Of defaults, skin tone, and emoji

The forum software for this site is called Discourse, and in general it’s pretty great. You may have noticed that it has a little pop-up box for choosing emoji. It’s kind of fun. There are a lot of emoji already (and more in the pipeline). They have pretty quickly become an important part of the visual lexicon of the web and in particular social media.

If you search for “woman” you get this:

If you search for “man” you get this:

The faces are all a kind of Simpsons-esque yellow, and that’s the default. In the early stages of the design of Emoji, the Unicode Consortium (the people who put the Unicode standard together) were doing all representations of humans with this yellow color. Such decisions get published in rather obscure places, at least, they are obscure compared to the scale of the impact that they can have on visual culture at large. For instance, the following snippet was pointed out by this article (whose author’s name I cannot find on the page!) as coming from a draft of Unicode Technical Report #51.

General-purpose emoji for people and body parts should also not be given overly specific images: the general recommendation is to be as neutral as possible regarding race, ethnicity, and gender. Thus for the character U+1F64B happy person raising one hand , the recommendation is to use a neutral graphic like 🙋|autox14 instead of an overly-specific image like 🙋|autox14. This includes the characters listed in the annotations chart under “human”. The representative glyph used in the charts, or images from other vendors may be misleading: for example, the construction worker 👷|autox14 may be male or female.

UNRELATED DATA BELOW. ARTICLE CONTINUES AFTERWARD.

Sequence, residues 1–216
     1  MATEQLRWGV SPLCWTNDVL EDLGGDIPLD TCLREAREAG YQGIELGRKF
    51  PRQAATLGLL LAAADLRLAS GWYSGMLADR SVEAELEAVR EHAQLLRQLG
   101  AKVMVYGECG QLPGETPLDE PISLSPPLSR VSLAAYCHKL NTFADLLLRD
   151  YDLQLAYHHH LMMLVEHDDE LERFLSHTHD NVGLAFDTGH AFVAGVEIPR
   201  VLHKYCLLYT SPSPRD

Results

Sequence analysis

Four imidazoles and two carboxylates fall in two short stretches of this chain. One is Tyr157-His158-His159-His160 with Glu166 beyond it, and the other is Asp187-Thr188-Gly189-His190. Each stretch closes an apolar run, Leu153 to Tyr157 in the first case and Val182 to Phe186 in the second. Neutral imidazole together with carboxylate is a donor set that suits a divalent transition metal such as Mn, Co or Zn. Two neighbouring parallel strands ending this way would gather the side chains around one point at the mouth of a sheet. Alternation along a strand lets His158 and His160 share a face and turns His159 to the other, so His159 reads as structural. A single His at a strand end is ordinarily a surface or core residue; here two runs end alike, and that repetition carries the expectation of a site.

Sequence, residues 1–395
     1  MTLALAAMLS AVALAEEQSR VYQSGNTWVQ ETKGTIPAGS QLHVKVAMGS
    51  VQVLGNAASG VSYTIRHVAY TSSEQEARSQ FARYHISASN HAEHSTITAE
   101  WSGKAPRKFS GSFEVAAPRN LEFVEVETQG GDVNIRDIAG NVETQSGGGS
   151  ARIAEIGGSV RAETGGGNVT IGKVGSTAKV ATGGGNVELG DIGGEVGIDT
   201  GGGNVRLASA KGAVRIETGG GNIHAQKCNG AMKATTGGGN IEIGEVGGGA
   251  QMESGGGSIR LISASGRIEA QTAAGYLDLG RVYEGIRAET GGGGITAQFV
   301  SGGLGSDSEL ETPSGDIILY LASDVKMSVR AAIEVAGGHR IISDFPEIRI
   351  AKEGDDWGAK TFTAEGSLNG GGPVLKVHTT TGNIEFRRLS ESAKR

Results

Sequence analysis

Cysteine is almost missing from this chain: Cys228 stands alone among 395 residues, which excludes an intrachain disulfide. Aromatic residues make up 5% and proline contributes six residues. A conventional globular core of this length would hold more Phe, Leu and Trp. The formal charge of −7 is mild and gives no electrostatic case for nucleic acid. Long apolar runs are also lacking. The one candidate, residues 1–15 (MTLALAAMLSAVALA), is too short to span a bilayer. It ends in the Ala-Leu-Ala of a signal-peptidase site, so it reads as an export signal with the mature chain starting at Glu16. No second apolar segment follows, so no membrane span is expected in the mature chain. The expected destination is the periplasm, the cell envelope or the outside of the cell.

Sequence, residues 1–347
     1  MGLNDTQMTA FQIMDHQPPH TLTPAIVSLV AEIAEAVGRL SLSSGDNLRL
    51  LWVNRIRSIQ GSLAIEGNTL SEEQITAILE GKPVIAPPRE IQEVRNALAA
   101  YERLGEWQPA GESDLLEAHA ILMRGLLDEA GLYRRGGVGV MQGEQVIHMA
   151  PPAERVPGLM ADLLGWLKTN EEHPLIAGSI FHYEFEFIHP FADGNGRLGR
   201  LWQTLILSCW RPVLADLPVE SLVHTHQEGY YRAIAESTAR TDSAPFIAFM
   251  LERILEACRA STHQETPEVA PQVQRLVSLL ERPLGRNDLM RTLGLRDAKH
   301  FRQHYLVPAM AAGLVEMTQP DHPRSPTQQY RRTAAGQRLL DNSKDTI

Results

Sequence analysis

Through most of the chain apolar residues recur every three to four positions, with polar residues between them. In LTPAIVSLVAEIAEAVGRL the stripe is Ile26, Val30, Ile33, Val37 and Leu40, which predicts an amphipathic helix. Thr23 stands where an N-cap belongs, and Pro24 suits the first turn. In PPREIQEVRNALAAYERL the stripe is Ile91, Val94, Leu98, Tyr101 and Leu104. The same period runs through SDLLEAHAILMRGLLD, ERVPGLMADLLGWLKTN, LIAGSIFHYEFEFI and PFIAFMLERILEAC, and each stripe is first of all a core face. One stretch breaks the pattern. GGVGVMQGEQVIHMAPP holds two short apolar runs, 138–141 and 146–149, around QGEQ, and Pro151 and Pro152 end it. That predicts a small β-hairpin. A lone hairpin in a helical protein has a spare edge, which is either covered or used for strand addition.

So, obviously, the problem here is that there’s no such thing as “neutral” when it comes to representing people. That fact makes it very difficult to design user interfaces which are respectful of all users. For instance, here in this discourse forum software, how should the user interface for representing humans in emoji work?

Enter skin tone emoji

So, the Unicode Consortium has tried to come around on this issue, and to improve the flexibility of the representation of people. What they did was to add “skin-tone emoji” as independent characters. When a skin-tone emoji follows an emoji that represents a human, then that representation’s skin tone is modulated accordingly. There are five skin tones available (derived from a scale used in dermatology!). In our forum software, that results in the following possibilities for the “man” and “woman” characters (I shuffled them):


But as current events are serving to remind us, we should always be questioning defaults. Software has a tricky characteristic: once something is working, it can be hard to change, because other things depend on it. Software gets tangled.

In point of fact, there are far more possibilities for representing human diversity built into Unicode than are represented in the list above. The list is bigger.

Much, much bigger.

There has been some interesting research on how people are actually using these emoji on public venues like Twitter. Lots to think about on this topic. I guess I’m just pointing it out because it is a good reminder that every decision about software design and implementation must grapple with the notions of “defaults”, even when dealing with topics for which there are no defaults, at least, no neutral defaults.


Self-Representation on Twitter Using Emoji Skin Color Modifiers

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And, of course, the apotheosis of this is in the family grouping emoji: https://blog.emojipedia.org/on-families-and-equality/

“One option assessed was to support modifier options for each family member, allowing any mix of skin tones. This was part of a proposal from 2019, which recommended 7,230 new emojis required to allow families to have the same flexibility afforded to the couples holding hands.”

(fwiw the current emoji set is just over two thousand).

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